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CBD-Only States: A Win for Medical Marijuana?  

CBD-Only States: A Win for Medical Marijuana?  
Photo Gracie Malley for Cannabis Now

Politics

CBD-Only States: A Win for Medical Marijuana?  

What’s next for CBD in the United States after the passage of the Farm Bill? The future’s brightness varies depending on your vantage point.

With the removal of hemp-derived CBD from controlled substance status, big market growth is expected for the very chic and purportedly salubrious non-intoxicating cannabinoid.

Some 30 states have passed medical marijuana laws (of widely varying degrees of leniency) either by legislation or referendum since California led the way with Prop 215 in 1996. But these are now joined by several states that have legalized only products containing CBD not the psychoactive cannabinoid THC. There is some controversy as to whether these states should be recognized as “medical marijuana” states.

Utah was the first to adopt such a compromise measure in 2014, passing a law allowing medical use of cannabis extracts that contain CBD, though not actual cannabis and nothing containing THC. The move came in response to pressure from the parents of children suffering from severe epilepsy.

Numerous other states have since followed in passing CBD-specific laws. According to a breakdown provided by the National Organization for the Reform of Marijuana Laws (NORML) these are Alabama, Florida, Georgia, Indiana, Iowa, Kentucky, Mississippi, Missouri, North Carolina, Oklahoma, South Carolina, Tennessee, Texas, Virginia, Wisconsin and Wyoming.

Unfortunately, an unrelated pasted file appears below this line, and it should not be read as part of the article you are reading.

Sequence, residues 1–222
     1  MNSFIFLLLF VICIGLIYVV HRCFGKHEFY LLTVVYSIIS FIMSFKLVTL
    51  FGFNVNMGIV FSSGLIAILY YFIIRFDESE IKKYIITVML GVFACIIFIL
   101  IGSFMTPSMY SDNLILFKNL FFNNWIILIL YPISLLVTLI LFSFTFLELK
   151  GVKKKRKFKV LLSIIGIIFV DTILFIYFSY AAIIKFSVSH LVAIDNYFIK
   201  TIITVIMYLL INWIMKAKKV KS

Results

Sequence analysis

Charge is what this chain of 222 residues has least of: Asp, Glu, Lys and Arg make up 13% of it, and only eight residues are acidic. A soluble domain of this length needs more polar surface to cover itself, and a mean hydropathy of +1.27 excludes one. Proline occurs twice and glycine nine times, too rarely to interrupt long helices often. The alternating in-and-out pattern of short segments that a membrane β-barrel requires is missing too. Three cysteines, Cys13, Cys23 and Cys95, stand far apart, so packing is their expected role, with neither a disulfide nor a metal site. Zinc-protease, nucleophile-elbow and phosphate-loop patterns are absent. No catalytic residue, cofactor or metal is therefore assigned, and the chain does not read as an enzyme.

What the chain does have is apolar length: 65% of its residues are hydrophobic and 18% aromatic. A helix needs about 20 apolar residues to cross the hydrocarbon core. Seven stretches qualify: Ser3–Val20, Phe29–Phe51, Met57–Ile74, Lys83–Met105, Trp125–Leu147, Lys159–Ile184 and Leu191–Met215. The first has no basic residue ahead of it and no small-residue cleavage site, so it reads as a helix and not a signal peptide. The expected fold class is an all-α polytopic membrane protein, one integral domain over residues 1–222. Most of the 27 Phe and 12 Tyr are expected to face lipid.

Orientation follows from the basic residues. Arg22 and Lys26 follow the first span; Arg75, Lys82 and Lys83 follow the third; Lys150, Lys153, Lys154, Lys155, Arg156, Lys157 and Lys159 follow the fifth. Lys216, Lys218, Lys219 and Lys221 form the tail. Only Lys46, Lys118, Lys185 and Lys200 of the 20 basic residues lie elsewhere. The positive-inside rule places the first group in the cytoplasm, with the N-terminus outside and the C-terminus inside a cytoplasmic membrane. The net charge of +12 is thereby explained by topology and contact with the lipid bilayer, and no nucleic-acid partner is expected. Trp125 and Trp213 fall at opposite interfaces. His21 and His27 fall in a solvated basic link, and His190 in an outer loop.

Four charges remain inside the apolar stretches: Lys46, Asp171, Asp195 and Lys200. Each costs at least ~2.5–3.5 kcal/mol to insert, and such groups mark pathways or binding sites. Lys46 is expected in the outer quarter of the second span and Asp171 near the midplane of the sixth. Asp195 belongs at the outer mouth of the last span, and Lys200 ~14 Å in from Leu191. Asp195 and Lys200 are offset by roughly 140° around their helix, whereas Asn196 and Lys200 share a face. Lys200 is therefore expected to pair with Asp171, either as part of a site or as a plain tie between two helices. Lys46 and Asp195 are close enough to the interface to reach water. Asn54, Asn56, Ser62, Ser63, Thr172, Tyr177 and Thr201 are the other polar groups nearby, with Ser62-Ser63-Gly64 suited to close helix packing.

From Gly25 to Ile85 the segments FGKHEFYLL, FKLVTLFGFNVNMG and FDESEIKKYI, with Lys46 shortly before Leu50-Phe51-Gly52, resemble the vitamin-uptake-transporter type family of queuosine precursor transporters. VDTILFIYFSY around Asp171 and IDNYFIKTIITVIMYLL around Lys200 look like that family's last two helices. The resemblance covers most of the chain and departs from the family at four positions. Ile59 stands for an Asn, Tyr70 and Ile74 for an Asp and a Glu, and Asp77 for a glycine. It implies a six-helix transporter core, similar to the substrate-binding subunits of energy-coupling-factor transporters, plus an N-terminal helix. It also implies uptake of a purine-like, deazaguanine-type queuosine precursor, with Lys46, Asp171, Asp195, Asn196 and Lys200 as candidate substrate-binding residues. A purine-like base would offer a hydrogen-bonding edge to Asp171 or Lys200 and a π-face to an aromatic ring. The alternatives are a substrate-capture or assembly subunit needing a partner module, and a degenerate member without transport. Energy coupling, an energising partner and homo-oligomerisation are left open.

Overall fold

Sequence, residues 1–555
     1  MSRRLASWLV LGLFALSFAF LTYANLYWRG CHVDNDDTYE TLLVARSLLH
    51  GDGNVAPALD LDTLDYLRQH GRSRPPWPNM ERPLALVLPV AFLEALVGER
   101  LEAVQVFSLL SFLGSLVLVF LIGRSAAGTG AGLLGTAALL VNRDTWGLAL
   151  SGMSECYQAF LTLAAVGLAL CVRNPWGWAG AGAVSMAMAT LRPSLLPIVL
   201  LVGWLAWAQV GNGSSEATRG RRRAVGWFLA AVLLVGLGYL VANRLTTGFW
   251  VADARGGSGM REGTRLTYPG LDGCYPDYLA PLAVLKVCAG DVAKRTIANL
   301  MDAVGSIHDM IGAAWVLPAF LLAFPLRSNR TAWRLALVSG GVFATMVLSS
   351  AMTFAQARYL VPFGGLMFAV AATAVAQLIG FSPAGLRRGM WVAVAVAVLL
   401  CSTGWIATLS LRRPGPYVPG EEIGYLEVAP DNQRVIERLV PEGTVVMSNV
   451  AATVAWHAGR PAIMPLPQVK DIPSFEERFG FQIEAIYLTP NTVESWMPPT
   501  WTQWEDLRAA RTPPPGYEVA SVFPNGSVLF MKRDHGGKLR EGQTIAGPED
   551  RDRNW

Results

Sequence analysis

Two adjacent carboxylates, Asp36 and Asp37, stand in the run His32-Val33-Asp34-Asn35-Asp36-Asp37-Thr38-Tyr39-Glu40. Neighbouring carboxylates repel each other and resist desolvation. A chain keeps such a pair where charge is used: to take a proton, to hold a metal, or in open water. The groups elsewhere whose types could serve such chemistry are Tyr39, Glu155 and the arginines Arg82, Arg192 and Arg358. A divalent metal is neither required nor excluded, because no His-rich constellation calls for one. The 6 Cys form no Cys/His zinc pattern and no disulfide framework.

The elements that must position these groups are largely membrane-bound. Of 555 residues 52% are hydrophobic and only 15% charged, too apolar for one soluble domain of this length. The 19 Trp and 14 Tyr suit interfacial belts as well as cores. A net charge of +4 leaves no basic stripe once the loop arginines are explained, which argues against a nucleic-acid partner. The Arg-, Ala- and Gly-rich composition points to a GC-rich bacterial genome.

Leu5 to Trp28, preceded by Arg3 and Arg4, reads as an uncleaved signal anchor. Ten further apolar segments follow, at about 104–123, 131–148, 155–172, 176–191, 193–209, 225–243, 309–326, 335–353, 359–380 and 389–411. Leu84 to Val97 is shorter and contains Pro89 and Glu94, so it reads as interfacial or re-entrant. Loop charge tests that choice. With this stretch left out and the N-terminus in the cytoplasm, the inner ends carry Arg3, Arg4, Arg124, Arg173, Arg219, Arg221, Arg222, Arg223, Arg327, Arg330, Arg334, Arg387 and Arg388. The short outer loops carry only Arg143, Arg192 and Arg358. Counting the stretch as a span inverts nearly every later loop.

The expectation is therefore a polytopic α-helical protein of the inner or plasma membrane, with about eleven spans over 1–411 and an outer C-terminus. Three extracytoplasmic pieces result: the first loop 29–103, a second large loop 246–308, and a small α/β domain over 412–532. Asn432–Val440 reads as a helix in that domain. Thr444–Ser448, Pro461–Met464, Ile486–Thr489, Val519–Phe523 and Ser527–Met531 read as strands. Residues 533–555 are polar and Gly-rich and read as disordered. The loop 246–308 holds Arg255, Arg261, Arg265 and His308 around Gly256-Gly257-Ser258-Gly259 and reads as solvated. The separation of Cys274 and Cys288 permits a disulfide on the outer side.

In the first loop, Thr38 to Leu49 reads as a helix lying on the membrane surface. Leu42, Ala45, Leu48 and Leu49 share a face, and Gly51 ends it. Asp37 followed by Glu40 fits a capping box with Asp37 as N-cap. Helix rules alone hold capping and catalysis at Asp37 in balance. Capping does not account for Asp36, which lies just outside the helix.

To this list can now be added Kansas, which in April 2018 passed a law exempting CBD products from the state’s criminal code. South Dakota passed a similar law in 2017, but it made sales contingent on approval by the federal Food & Drug Administration. And despite the Farm Bill provisions, the FDA has still not approved most CBD products, so for the moment the South Dakota law changes little.

Of these states, only two actually allow herbaceous cannabis: Texas and Florida. The laws in these states permit use of low-THC, CBD-rich strains but bar actually smoking it, allowing only vaporization.

But Florida in 2016 and Missouri and Utah in 2018 both passed general medical marijuana laws by referendum, though implementation of the Florida medical marijuana has been slow and fraught with controversy.

The imperative to keep CBD and marijuana distinct in the public mind is especially strong in states such as Mississippi with notoriously harsh cannabis laws. Wyoming has an especially limited CBD-only law, requiring a statement from a neurologist to the state Health Department that an epilepsy patient has not responded to other treatments.

Farm Bill Slices the Definition Thin

This imperative is also reflected in the language of the Farm Bill that President Trump signed days before Christmas. As the National Law Journal notes, Section 12619 of the Farm Bill formally removes hemp-derived products from Schedule I status under the Controlled Substances Act but does not legalize CBD more broadly.

“The Farm Bill authorizes CBD only to the extent that it is contained in hemp produced in a manner consistent with the Farm Bill and other federal and state regulations,” National Law Journal states.

Additionally, while hemp-derived CBD is removed from Schedule I, it is still subject to regulation by the Food & Drug Administration. And while the regulations are expected to change, the FDA currently considers CBD a drug and an illegal food ingredient.

Hemp Industry Daily has just issued a Hemp & CBD Industry Factbook, projecting that CBD sales in the U.S. will exceed $1 billion by 2020. It also notes that only 3 percent of hemp and CBD retailers responding to a survey for the Factbook described their shops as medical or recreational marijuana stores.